Preventing Fraud and Mismanagement in Government
eBook - ePub

Preventing Fraud and Mismanagement in Government

Systems and Structures

Joseph R. Petrucelli, Jonathan R. Peters

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eBook - ePub

Preventing Fraud and Mismanagement in Government

Systems and Structures

Joseph R. Petrucelli, Jonathan R. Peters

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À propos de ce livre

Dig to the root of public fraud with deep exploration of theory, standards, and norms

Preventing Fraud and Mismanagement in Government identifies common themes in public fraud and corruption, describes the forces that drive them, and provides an objective standard of good practices with no political bent. From Bridgegate to Iran-Contra, this book walks through the massive scandals that resulted from public mismanagement and fraud to illustrate how deeply-entrenched, entity-specific norms can differ from actual best practices. The discussion includes the theoretical underpinnings of public fraud, and how intense corporate culture and limited exposure to outside practice standards can lead to routine deviation from normal behavior and moral standards. You'll find a compendium of practices that illustrate actual norms, allowing you to compare your own agency's culture and operations to standard practice, and contrast the motivations for fraud in the public and private sectors.

Public agencies and governmental entities are generally driven by a pubic benefit or goal, but are widely varied in the ability and desire to deliver value while retaining best practices. This book explicitly explores the common patterns of agency practices and cultural norms, and describes how they can easily cross over into illegal acts.

  • Understand why fraud exists in the public sector
  • Discover how your agency's mindset diverges from the norm
  • Review cases where agency practices diverged from best financial practices
  • Learn good practices in an objective, nonpolitical context

The government/public sector provides some of the most basic services that are critical to a functioning society. Lacking a profit motive, these agencies nonetheless show a pattern of fraud and borderline behavior that could be mitigated with the adoption of standards and best practices. Preventing Fraud and Mismanagement in Government shares a canon of knowledge related to public operations and fraud, providing deep insight into the causes, solutions, and prevention.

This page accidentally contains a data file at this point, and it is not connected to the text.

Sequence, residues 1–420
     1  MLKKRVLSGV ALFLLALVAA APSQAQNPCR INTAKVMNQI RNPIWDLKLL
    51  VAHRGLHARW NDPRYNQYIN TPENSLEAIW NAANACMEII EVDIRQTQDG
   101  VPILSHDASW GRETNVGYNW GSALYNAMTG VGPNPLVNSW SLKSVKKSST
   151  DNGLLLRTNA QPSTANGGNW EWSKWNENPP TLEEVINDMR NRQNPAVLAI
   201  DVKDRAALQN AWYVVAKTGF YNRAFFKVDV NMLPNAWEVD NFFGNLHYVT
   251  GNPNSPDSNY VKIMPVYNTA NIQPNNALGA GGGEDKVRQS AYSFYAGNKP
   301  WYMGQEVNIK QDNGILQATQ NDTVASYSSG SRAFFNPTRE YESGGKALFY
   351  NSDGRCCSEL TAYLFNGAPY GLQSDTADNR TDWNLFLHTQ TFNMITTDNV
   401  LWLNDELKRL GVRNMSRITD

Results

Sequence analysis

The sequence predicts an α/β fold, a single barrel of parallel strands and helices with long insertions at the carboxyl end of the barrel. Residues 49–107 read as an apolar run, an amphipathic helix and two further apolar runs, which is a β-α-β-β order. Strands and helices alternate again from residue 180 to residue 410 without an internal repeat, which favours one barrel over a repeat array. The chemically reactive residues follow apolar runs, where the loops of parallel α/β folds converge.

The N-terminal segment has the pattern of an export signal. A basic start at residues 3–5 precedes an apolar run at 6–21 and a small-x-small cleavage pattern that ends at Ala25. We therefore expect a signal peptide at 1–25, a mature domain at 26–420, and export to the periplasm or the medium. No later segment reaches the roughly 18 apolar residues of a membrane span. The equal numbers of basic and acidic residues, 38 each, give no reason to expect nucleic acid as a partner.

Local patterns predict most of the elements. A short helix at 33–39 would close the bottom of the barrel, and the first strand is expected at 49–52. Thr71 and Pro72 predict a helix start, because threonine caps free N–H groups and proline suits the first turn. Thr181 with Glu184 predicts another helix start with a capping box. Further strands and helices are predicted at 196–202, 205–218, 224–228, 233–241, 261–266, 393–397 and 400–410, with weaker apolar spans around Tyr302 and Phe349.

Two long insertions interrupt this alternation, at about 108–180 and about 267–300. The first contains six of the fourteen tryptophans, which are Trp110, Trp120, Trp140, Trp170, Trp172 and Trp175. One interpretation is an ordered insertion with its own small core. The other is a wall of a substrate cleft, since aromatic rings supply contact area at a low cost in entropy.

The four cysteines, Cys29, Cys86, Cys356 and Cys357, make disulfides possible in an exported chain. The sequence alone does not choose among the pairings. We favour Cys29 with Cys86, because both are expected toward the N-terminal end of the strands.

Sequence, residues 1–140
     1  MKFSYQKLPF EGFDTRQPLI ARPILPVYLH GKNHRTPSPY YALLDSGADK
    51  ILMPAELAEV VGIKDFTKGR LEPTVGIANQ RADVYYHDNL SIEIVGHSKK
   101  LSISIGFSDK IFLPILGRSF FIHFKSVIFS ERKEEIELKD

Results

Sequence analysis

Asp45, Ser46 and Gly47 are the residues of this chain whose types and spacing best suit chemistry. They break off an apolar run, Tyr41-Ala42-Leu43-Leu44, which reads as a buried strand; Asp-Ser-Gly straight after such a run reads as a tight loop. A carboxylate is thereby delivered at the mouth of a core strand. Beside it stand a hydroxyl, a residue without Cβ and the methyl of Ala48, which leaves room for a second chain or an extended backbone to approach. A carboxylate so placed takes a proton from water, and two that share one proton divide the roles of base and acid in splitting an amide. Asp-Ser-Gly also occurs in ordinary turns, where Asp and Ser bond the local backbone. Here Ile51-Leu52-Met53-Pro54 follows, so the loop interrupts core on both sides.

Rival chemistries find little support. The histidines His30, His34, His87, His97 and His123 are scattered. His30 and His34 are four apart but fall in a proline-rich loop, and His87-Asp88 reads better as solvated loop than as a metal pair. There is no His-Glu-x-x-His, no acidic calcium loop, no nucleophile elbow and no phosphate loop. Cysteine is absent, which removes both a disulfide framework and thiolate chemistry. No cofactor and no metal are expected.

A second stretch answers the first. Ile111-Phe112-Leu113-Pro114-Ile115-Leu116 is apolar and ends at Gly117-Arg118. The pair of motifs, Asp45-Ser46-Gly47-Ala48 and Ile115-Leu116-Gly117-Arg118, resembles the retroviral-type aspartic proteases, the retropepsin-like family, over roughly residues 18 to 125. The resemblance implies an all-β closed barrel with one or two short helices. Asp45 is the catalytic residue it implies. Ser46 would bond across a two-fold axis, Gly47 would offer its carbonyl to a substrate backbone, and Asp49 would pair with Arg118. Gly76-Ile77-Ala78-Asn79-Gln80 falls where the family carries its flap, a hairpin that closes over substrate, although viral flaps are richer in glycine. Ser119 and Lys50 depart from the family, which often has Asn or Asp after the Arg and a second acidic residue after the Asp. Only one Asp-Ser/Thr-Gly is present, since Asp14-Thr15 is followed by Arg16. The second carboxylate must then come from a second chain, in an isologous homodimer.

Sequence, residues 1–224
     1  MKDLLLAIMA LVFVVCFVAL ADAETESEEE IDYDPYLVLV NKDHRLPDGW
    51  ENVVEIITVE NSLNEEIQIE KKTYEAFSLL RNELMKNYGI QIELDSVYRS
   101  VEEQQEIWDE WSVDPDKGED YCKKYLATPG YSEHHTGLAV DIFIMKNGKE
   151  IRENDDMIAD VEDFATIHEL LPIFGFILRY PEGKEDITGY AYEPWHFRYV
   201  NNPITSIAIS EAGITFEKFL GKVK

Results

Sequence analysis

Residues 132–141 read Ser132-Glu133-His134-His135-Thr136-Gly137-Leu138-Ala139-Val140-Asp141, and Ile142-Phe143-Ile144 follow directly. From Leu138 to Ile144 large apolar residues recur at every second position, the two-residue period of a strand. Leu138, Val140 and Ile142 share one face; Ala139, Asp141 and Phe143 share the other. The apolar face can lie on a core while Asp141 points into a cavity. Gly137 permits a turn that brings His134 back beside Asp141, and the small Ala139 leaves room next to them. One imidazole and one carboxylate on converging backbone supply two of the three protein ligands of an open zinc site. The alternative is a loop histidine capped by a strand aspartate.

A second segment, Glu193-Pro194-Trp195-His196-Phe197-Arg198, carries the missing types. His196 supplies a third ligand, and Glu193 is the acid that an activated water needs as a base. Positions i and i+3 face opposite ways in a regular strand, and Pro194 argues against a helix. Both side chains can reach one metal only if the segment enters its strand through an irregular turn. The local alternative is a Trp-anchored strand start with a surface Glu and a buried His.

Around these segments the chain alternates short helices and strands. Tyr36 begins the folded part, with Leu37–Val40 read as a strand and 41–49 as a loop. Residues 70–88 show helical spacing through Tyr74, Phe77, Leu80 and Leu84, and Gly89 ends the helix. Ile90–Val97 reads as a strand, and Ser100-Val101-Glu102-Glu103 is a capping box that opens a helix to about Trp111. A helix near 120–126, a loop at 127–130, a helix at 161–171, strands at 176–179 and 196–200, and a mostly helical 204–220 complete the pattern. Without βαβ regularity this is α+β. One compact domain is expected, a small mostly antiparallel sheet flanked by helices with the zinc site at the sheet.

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Chapter 1
Government and How It Works

“Every gun that is made, every warship launched, every rocket fired signifies in the final sense, a theft from those who hunger and are not fed, those who are cold and are not clothed. This world in arms is not spending money alone. It is spending the sweat of its laborers, the genius of its scientists, and the hopes of its children. This is not a way of life at all in any true sense. Under the clouds of war, it is humanity hanging on a cross of iron.”
—Dwight D. Eisenhower


  • National Government
  • State Government
  • Local Government
  • Agencies
  • Public Authorities
  • Public‐Private Partnerships

Key Questions:

  • Can government forms regulate morality?
  • What are political agents looking to do?
  • What are the forms of government?
  • Where are the best observation points in these entities to identify the risks they face?
THIS CHAPTER WILL INTRODUCE the reader to various operational and organizational aspects of government. It spells out how and why government functions the way it does, from a fiscal perspective, setting the foundation for the ultimate exploration of the potential for government fraud and mismanagement. The examination of the cash flow that migrates into and out of the various governmental units is key. Prime examples of activities that can create opportunities for mismanagement and fraud are: the strong centralization of activity in the federal government, the significant financial transfers between the federal and state governments, and the direct fiscal effect of state government on the municipal (local) level. These types of intergovernmental transactions should be subjected to strict professional scrutiny.